"I've been spying on the MacDonalds for the chieftain, and he will punish ye most severely if ye harm me." Ilysa was proud of herself for thinking of such a good lie.

"Ye know the chieftain doesn't approve of abusing women," one of the men said, which gave her hope until he added, "We'd best take her into the wood."

"I have proof!" she said quickly.

That seemed to give them pause.

"Take this to him," she said, holding out the brooch. She hoped they would not steal it, but she had no choice now but to take the risk. "You'll find that he does wish to see me."

* * *

Connor left his guard fifty yards up the river from where it split around the island. The stream was wider on the far side of the island, but the gap on the Trotternish side was narrow enough for him to leap over it. Between the darkness and the heavy mist that lay over the island, he could not see the lumpy ground beneath his feet. He suspected he was walking over ancient graves and prayed their souls were a long way away.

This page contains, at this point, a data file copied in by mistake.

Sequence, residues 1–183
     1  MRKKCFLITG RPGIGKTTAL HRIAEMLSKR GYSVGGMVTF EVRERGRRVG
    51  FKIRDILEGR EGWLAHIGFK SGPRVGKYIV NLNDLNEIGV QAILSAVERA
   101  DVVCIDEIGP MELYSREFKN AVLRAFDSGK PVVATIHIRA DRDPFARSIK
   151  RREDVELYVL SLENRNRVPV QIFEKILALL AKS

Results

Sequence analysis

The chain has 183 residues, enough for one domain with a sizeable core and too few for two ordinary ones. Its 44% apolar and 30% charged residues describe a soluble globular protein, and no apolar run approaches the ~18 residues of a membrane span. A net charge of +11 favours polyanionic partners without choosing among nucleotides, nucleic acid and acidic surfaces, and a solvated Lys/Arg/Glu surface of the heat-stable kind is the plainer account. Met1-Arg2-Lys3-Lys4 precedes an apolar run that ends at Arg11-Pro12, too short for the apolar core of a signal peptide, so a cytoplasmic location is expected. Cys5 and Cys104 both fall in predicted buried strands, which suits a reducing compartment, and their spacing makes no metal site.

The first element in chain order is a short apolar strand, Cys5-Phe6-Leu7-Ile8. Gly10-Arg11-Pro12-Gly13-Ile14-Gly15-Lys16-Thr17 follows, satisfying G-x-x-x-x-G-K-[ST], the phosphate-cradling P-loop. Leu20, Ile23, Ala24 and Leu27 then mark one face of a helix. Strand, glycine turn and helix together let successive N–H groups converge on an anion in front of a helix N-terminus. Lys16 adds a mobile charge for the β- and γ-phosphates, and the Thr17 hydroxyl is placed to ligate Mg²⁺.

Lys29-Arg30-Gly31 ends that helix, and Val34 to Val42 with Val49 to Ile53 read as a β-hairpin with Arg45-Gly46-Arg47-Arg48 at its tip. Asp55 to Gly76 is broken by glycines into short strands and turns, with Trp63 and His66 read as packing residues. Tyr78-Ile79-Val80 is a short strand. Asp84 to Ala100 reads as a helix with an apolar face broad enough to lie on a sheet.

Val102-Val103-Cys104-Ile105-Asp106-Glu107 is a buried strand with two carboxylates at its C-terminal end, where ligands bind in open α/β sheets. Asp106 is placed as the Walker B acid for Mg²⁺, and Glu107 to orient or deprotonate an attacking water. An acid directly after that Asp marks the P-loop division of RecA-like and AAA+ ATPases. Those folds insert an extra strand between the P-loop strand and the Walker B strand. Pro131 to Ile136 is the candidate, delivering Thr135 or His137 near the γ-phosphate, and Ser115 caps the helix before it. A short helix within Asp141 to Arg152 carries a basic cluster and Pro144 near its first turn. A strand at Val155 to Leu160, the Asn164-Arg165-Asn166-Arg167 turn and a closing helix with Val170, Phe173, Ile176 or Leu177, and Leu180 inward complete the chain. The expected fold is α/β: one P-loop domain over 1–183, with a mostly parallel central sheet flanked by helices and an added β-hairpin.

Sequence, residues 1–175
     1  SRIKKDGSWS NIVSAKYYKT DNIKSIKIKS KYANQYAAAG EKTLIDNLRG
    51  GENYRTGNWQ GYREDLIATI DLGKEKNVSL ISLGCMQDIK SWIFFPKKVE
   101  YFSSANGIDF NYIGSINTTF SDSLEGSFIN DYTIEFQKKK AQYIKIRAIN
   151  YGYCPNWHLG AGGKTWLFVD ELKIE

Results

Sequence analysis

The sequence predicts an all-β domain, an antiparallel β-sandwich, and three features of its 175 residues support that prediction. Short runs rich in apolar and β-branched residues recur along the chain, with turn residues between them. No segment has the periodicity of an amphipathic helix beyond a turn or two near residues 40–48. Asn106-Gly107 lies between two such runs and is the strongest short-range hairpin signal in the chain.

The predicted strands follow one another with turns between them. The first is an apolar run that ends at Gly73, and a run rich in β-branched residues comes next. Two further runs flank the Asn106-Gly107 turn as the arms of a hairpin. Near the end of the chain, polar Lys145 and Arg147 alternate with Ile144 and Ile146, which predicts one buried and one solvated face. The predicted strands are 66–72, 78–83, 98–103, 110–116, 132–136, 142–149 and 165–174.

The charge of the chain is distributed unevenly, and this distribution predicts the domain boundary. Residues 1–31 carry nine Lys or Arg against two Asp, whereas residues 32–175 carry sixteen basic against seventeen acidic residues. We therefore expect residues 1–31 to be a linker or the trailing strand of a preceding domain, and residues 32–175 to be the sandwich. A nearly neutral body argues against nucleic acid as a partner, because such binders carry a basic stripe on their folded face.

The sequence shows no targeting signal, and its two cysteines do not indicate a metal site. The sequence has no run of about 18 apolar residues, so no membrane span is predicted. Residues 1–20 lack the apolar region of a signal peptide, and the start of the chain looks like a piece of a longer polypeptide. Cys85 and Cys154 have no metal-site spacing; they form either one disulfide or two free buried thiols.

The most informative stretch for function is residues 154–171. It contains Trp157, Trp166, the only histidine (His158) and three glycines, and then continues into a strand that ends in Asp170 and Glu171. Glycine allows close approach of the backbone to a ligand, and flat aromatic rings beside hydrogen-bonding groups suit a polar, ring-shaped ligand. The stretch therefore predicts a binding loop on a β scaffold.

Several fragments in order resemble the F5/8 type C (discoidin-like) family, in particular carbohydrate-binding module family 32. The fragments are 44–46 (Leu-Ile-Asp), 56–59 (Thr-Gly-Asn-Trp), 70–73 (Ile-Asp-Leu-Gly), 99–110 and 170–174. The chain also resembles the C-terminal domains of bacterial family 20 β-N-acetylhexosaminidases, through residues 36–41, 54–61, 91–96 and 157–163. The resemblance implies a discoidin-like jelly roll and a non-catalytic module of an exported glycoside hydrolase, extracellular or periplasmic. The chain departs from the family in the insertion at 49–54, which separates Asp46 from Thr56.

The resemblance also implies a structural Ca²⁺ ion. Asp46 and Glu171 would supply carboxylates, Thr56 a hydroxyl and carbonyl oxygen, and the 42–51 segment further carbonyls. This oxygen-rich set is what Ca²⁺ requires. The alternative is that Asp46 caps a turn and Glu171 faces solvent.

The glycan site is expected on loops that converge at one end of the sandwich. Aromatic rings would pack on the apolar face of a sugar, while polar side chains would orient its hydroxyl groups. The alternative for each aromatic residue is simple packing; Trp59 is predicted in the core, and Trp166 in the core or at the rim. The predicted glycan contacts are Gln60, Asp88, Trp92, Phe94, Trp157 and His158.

Though his claymore was useless against spirits, he carried it in his hand, ready to meet a more solid opponent hiding in the night mist. He had decided for once to trust in his heart, not his head, and proceed on blind faith. Still, he would be cautious. This was the perfect place to capture him, and Ilysa the perfect bait.

Questions rolled around in his head as he stole over the uneven ground. Why had Ilysa chosen this eerie place of the dead to meet? Where in the hell had she gone that she was not certain she would return before dawn? It was near midnight now, and he wondered how long he would have to wait.

The outline of the small church appeared out of the mist. The old, weathered door creaked as he pushed it open, and he heard a gasp from inside. It was a distinctly feminine sound.


"Connor! Praise God it's you."

It was even darker inside the church, but he heard the swish of her gown as she stepped toward him. The next instant, they found each other, and she was in his arms. He clasped her tightly to him, unable to speak at first. He had feared he would never hold her again.